Modelling the HIV epidemic among MSM in the United Kingdom: quantifying the contributions to HIV transmission to better inform prevention initiatives.


Punyacharoensin, N; Edmunds, WJ; De Angelis, D; Delpech, V; Hart, G; Elford, J; Brown, A; Gill, N; White, RG; (2015) Modelling the HIV epidemic among MSM in the United Kingdom: quantifying the contributions to HIV transmission to better inform prevention initiatives. AIDS (London, England), 29 (3). pp. 339-49. ISSN 0269-9370 DOI: 10.1097/QAD.0000000000000525

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Abstract

HIV is a major public health problem among MSM in the United Kingdom with around 2400 new infections annually. We quantified the contribution of biological and behavioural factors. Modelling study. A partnership-based model of HIV transmission among UK MSM aged 15-64 years was developed and calibrated to time series HIV prevalence. The calibration was validated using multiple surveillance datasets. Population-attributable fractions were used to estimate the contribution of behavioural and biological factors to HIV transmission over the period 2001-2002, 2014-2015, and 2019-2020. The contribution of most biological and behavioural factors was relatively constant over time, with the key group sustaining HIV transmission being higher-sexual activity MSM aged below 35 years living with undiagnosed HIV. The effect of primary HIV infection was relatively small with 2014-2015 population-attributable fraction of 10% (3-28%) in comparison with other subsequent asymptomatic stages. Diagnosed men who were not on antiretroviral therapy (ART) currently contributed 26% (14-39%) of net infections, whereas ART-treated MSM accounted for 17% (10-24%). A considerable number of new infections are also likely to occur within long-term relationships. The majority of the new HIV infections among MSM in the United Kingdom during 2001-2020 is expected to be accounted for by a small group of younger and highly sexually active individuals, living with undiagnosed HIV in the asymptomatic stage. Bringing this group into HIV/AIDS care by improving testing uptake is a vital step for preventing onward transmission and will determine the success of using ART as prevention.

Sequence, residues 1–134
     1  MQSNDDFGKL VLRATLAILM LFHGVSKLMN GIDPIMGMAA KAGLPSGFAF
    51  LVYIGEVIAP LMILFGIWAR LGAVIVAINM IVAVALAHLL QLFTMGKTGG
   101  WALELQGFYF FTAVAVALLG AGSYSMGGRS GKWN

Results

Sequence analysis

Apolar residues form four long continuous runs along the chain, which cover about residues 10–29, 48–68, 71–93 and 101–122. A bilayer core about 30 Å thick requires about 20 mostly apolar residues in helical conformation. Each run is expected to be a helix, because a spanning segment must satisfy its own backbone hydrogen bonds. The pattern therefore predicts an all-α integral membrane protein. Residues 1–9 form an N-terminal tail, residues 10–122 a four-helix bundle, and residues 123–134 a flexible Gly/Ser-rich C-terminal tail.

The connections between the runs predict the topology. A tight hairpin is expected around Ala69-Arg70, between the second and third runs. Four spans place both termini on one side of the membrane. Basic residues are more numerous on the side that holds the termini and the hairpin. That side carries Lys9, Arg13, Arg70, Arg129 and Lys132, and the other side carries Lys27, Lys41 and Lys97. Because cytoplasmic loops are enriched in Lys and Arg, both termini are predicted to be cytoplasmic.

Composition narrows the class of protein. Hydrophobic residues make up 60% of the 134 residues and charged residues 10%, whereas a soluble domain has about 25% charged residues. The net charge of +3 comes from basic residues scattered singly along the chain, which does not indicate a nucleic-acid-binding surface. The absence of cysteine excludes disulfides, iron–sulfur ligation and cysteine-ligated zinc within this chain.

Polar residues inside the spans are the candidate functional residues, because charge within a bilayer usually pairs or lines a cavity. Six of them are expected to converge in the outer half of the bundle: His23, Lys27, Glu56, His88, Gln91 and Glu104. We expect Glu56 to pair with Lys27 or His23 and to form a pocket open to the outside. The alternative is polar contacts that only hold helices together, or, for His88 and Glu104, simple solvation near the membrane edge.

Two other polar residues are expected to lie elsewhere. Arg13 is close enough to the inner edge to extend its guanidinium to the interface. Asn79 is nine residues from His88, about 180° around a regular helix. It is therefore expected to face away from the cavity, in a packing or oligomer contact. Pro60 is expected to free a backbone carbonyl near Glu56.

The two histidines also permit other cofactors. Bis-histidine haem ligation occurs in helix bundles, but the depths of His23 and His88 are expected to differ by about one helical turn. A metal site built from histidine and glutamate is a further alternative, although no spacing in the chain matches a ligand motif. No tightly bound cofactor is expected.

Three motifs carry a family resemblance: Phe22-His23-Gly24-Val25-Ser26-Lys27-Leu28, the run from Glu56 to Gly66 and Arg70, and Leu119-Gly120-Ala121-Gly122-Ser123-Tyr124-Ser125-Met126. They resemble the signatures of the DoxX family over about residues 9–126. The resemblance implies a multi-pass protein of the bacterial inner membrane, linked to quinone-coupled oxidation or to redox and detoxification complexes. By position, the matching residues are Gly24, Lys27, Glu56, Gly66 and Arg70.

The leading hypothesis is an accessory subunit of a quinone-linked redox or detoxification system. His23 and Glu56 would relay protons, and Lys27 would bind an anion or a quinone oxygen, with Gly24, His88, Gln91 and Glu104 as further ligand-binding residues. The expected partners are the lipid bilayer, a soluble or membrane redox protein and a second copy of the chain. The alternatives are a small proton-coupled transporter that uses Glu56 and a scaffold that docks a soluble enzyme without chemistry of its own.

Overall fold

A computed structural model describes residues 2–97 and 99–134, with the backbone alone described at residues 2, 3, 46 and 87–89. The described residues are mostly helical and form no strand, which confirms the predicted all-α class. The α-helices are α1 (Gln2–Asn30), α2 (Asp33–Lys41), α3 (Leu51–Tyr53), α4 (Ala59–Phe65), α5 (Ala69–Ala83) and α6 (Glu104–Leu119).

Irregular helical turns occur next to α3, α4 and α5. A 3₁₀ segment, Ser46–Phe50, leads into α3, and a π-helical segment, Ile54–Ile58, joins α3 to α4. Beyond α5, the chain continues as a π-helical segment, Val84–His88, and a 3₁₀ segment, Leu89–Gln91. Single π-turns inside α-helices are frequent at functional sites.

Item Type: Article
Faculty and Department: Faculty of Epidemiology and Population Health > Dept of Infectious Disease Epidemiology
Research Centre: Centre for the Mathematical Modelling of Infectious Diseases
Centre for Statistical Methodology
PubMed ID: 25686682
Web of Science ID: 347956200010
URI: http://researchonline.lshtm.ac.uk/id/eprint/2115574

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